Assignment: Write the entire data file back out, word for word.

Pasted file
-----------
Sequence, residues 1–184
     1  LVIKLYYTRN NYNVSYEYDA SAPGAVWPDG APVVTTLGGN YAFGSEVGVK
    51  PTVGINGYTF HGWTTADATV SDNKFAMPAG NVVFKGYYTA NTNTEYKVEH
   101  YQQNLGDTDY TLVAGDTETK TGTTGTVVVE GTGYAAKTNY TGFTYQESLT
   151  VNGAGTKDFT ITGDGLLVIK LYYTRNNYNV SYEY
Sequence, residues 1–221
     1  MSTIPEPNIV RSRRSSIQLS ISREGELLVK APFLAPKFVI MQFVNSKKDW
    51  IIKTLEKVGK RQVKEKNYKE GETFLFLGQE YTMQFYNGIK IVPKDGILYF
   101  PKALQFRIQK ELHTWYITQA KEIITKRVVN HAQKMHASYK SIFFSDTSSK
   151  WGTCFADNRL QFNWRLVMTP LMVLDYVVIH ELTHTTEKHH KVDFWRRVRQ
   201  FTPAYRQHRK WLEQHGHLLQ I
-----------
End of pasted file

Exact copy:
Sequence, residues 1–184
     1  LVIKLYYTRN NYNVSYEYDA SAPGAVWPDG APVVTTLGGN YAFGSEVGVK
    51  PTVGINGYTF HGWTTADATV SDNKFAMPAG NVVFKGYYTA NTNTEYKVEH
   101  YQQNLGDTDY TLVAGDTETK TGTTGTVVVE GTGYAAKTNY TGFTYQESLT
   151  VNGAGTKDFT ITGDGLLVIK LYYTRNNYNV SYEY
Sequence, residues 1–221
     1  MSTIPEPNIV RSRRSSIQLS ISREGELLVK APFLAPKFVI MQFVNSKKDW
    51  IIKTLEKVGK RQVKEKNYKE GETFLFLGQE YTMQFYNGIK IVPKDGILYF
   101  PKALQFRIQK ELHTWYITQA KEIITKRVVN HAQKMHASYK SIFFSDTSSK
   151  WGTCFADNRL QFNWRLVMTP LMVLDYVVIH ELTHTTEKHH KVDFWRRVRQ
   201  FTPAYRQHRK WLEQHGHLLQ I